Zomato has sought to assure users that their passwords is safe after being stolen from their database yesterday, but new reports are now questioning their claims.
Zomato’s a fairly well-known brand across the world, so its hack has attracted the attention of the world media. Among the publications that were tracking the developments was Vice. Vice reporters downloaded the sample that was available on the Dark Web, and with relatively little effort, were able to crack “over half” of the passwords.
“(We) pasted the sample into an online hash checker, which compares the data to a list of already cracked hashes. The service successfully returned just over half of the users’ alleged passwords,” said Vice. The easiest passwords to guess were those which were commonly used, such as “password” or “qwerty”.
Zomato’s passwords were hashed with a “one-way hashing algorithm with multiple iterations”. This means that users’s passwords weren’t stored in plain text in Zomato’s servers, but after passing the passwords through a function. This function converts simple passwords into a complex string of characters. The function, which in Zomato’s case was MD5, produces same results each time it’s applied on the same string — this means that someone with access to the “complex strings” can run the same function against a list of common passwords, and if the resulting “complex strings” match, can determine the original password.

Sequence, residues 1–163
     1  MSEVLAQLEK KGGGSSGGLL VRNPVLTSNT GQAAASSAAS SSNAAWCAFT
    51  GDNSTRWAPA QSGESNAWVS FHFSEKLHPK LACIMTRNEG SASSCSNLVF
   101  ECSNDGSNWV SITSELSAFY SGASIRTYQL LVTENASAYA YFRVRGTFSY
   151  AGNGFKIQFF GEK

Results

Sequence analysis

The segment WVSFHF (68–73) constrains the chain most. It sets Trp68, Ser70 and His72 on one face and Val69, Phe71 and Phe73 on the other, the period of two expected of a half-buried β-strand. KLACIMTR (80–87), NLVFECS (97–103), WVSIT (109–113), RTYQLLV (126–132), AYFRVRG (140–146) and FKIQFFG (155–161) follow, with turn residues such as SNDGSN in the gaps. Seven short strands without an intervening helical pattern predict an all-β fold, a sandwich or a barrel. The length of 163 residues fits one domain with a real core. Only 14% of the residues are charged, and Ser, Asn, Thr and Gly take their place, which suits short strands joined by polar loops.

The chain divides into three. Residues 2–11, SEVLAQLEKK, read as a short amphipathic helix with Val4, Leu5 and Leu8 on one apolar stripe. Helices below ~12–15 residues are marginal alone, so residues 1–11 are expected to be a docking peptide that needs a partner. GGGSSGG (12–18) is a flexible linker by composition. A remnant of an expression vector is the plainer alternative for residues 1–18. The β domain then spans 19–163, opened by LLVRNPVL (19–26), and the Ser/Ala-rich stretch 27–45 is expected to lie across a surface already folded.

To prevent against this, companies attach a “salt” to passwords, which are a random strings appended to the password. This adds an additional layer of complexity, making it harder for people with access to the “complex strings” to guess the original passwords. But the sample uploaded by the hacker showed that Zomato had used a salt that was only two characters long.
“Whilst a salt was appended to the hashes, it was only 2 characters long and provided virtually no benefit. Along with this, the MD5 hashing algorithm is outdated and has been superseded by more cryptographically secure hashing algorithms,” a security researcher told Vice.
Zomato’s passwords were available for sale on the Dark Web for several hours before they were taken down, so it’s very possible that an unscrupulous party could’ve purchased the entire list. Using a simple approach, it could be possible to crack passwords for an extremely large number of email accounts. Users who use the same password across multiple sites are particularly vulnerable — if hacker discovers your Zomato password, and you’ve used the same password at another site, they could theoretically gain access to your credentials on that site as well.
Zomato, too, has been cagey about its vulnerability. In its original blogpost, it had claimed that “the hashed password cannot be converted into plain text”. Hours later, it had updated its post to read that the “password cannot be easily converted back to plain text,” after several researchers had pointed out that it was indeed possible to convert a hashed password to plain text.
Given how Vice now claims that over half of the passwords can be cracked, it’s clear that Zomato’s user passwords are extremely vulnerable. While the company has already reset affected passwords on its own site, and also said that they”strongly advise you to change your password for any other services where you are using the same password,” it probably bears repeating: if you were using the same password as Zomato on other service, it’s imperative that you change it immediately.